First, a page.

After visiting Prague Castle, I recommend a stroll downhill along Nerudova Street. It's quite steep so make sure you wear decent footwear. On the way down, you will pass the brave souls who decide to walk up to the castle via the same route. Nerudova is home to quite a few good places to stop for a beer, especially the excellent U Mlynare (see separate restaurant tip). There are also some tourist shops where you can pick up souvenirs of your trip.
There are some impressive buildings on Nerudova, many of which are former burgher houses. The Romanian and Italian embassies can both be found here. Also notable is the former home of the Czech poet, novelist, playwright and journalist, Jan Neruda after whom the street is named.
These were not only in Washingtonova street but in surrounding areas. This is the historal centre of Prague, so I guess the doors were quite old. No plain entrance door's like we have today, only beautifully designed doors, many with wrought iron designs, and quite a few had Cherub's or perhaps a Lion or other Art Noveau artwork surrounding the door. It looked like no expense was spared in making the entrance way to the building look very impressive and inviting!
Very often, the older Prague houses will have no numbers, but an ornamental painted door sign, like violins, faces, sun and moon etc., that was used to identify a house. You will find many of those old door signs in the Nerudova, but also elsewhere in the city.
Even if our first thought would be the writer Pablo Neruda, the street is named by the writer of the 19th century Jan Neruda and it was Pablo Neruda who took his name from him (and Pablo from Pablo Picaso)
In the old baroque buildings of this street now we will find lots of restaurants and souvenirs shops.
But the most typical sign will be the house of the violin makers with the sing of the three little fiddles.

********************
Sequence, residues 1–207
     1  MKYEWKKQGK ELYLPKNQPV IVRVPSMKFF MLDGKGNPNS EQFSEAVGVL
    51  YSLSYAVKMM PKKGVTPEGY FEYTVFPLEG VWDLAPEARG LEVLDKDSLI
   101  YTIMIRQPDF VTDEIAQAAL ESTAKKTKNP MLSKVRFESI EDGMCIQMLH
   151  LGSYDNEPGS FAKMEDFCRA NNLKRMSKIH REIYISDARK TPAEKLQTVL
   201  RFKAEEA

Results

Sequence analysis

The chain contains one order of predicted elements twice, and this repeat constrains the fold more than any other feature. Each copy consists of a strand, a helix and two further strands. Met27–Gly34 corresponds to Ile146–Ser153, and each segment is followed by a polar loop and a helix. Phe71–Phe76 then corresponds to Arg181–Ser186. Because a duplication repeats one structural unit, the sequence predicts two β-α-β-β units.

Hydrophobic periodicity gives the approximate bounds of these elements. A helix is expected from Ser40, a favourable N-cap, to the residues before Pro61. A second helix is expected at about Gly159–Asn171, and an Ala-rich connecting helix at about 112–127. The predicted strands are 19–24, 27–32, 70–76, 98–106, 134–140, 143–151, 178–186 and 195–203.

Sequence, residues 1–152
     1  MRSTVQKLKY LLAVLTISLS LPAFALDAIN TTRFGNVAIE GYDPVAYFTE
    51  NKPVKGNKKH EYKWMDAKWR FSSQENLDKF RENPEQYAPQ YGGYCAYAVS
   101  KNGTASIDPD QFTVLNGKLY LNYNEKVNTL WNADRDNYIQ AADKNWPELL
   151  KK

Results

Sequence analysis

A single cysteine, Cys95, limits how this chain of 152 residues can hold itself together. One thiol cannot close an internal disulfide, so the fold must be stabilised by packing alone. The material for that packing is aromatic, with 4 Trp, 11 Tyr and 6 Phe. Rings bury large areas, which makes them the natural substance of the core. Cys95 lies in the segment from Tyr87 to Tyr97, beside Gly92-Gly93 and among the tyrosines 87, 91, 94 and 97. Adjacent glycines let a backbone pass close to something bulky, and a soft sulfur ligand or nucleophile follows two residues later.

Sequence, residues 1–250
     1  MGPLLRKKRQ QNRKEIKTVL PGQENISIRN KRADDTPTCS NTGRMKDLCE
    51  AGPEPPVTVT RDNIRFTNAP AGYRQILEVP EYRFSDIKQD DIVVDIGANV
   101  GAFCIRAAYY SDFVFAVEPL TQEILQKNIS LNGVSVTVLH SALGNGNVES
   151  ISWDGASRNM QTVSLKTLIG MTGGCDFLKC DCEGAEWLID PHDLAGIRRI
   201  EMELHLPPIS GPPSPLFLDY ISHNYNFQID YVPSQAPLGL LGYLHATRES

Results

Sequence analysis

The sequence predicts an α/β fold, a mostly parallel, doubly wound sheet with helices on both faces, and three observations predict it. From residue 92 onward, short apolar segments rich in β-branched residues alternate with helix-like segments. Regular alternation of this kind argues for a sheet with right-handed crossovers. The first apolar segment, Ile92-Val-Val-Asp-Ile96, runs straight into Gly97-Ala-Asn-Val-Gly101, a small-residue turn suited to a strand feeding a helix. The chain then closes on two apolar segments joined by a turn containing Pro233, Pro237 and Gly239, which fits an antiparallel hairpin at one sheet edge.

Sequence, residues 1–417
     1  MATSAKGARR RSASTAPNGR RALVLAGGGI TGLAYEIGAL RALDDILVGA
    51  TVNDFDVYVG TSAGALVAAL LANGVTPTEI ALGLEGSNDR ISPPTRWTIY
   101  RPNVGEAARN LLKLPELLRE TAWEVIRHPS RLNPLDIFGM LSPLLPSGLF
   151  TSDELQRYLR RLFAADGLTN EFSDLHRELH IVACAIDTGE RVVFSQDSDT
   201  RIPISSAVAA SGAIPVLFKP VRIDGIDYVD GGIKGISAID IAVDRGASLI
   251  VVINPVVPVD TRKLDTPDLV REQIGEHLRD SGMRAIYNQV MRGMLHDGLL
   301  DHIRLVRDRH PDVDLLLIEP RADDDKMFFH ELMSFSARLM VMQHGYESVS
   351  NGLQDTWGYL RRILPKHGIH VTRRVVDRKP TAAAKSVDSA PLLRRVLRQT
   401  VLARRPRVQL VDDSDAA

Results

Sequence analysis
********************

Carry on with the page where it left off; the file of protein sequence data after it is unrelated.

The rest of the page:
Lets go down till the church of St Nicholas
The Nerudova street is leading up from the Little Quarter Square to the Prague Castle, it used to be a part of the Royal Way. It is architectural very interesting street with Renaissance and Baroque facades and famous "house signs" - emblems used for distinguish houses before the introduction of numbers.-
This street takes its name from Jan Neruda, a novelist who lived on this street and wrote novels and stories placed in this district. The great chilean writer, Pablo Neruda, after reading these novels, took the name to use it as his pseudonym.-
Today the street is full of restaurants, cafes and little souvenir shops.-
La calle Nerudova se extiende desde la plaza Little Quarter hasta el Castillo de Praga. Solía ser parte del Camino Real. Tiene un estilo arquitectónico muy interesante, con fachadas renacentistas y barrocas y muchas casas con los famosos signos (emblemas que se usaban para distinguir las casas cuando no existia la numeración).
Esta calle toma su nombre de Jan Neruda, el novelista que vivió en esta calle y quién escribió novelas e historias relacionadas con este distrito. El genial poeta chileno, Pablo Neruda, luego de leer algunas obras del novelista, tomó su nombre para usarlo como seudónimo.-
En la actualidad, la calle está llena de restaurantes, cafeterías y negocios con venta de souvenirs